The current pandemic of COVID-19 has affected society as a whole. But it does not equally affect women and men. On the contrary, it further exacerbates existing inequalities and severely hits those already vulnerable and disadvantaged. Women with young children are more likely to work on a trade license or non-employment contract and are therefore directly threatened by a loss of income. Women are also more likely to work in health care and in services that we now need more than ever, making them more vulnerable to infection. The global pandemic needs to be addressed urgently, but with sensitive consideration of the various impacts of the crisis and protective measures regarding the lives of women and men, the Czech Women's Lobby appeals.
A particularly vulnerable group are single women, small entrepreneurs, and women employed under work-type contracts. This type of work allows them to combine work with family care, but now they are at risk of losing their income. “We are approached by parents who experience social insecurity, are afraid of losing their jobs, and find themselves without income. The current situation causes stress for many and is a great burden on partnerships. Parents have to work from home while caring for their children. Or, on the other hand, they cannot work and lose their income. Those who work only under the "agreement on work activity" - most often mothers of small children - will not be entitled to the nursing benefit. They have paid their taxes like everyone else, but they are excluded from state support. Solo mothers are in the worst position,” describes Eliška Kodyšová, director of Aperio - the Society for Healthy Parenting (Aperio – společnost pro zdravé rodičovství), an NGO that offers free legal and psychological counseling for parents over the phone and online.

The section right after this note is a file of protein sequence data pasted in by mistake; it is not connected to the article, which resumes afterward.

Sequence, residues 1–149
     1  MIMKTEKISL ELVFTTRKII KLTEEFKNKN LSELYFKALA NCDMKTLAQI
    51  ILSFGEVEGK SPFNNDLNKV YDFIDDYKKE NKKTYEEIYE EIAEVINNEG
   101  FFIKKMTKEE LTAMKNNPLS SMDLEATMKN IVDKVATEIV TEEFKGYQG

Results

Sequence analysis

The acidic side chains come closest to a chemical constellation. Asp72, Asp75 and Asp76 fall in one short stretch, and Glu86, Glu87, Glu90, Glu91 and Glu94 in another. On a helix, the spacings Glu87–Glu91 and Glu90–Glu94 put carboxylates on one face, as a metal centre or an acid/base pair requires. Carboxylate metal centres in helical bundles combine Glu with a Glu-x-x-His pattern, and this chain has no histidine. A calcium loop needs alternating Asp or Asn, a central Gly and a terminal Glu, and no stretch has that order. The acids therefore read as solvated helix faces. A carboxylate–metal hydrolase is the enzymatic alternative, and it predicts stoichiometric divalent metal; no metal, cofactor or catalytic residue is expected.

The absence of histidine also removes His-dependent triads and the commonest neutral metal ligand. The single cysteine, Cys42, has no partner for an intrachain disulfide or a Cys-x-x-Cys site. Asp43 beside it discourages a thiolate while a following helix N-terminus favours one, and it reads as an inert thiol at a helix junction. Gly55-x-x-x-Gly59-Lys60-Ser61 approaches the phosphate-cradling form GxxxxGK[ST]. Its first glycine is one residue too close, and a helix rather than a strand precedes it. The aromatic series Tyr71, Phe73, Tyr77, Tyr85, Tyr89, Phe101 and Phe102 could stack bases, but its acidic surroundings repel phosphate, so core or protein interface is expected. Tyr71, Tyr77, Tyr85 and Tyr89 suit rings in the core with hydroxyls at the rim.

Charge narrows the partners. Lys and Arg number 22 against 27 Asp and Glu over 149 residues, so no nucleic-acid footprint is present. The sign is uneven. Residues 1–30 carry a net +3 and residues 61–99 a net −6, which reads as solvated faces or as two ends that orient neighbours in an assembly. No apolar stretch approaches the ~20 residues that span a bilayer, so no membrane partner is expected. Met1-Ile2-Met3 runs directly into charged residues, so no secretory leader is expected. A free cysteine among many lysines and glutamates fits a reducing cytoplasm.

The NGO Women Inc. (Ženy s.r.o) that supports female entrepreneurs agrees. The women who turn to them are afraid and many have lost business orders. Some have cancelled their trade licenses and closed their businesses. Women Inc. offer free advertising to entrepreneurs in times of emergency to keep their businesses online at least. “We are also mediating the demand for services and products, such as looking for seamstresses for sewing protective masks. The average price is 25 crowns per veil which will help women who are completely jobless and thus without income,” adds Eva Čejková Vašková from Women Inc.
Rosa - Women's Center (Rosa - centrum pro ženy), which helps victims of domestic violence, also perceives the situation as particularly burdensome for its clients. The restriction of walking and movement takes it for granted that home is a safe place. In connection with stress or excessive alcohol consumption, the current situation can lead to an escalation of violent behavior from a partner. Moreover, due to quarantine and social isolation, many victims are imprisoned in their households and have very limited opportunities to seek help. Zdena Prokopová from Rosa - Women's Center asks anyone who feels threatened or knows about someone who needs help to, “not hesitate to consult our organization on the telephone line or via the newly developed Bright Sky application.” Services for victims of domestic and sexual violence are now also provided online by Acorus or proFem - Center for Victims of Domestic and Sexual Violence (proFem - centrum pro oběti domácího a sexuálního násilí).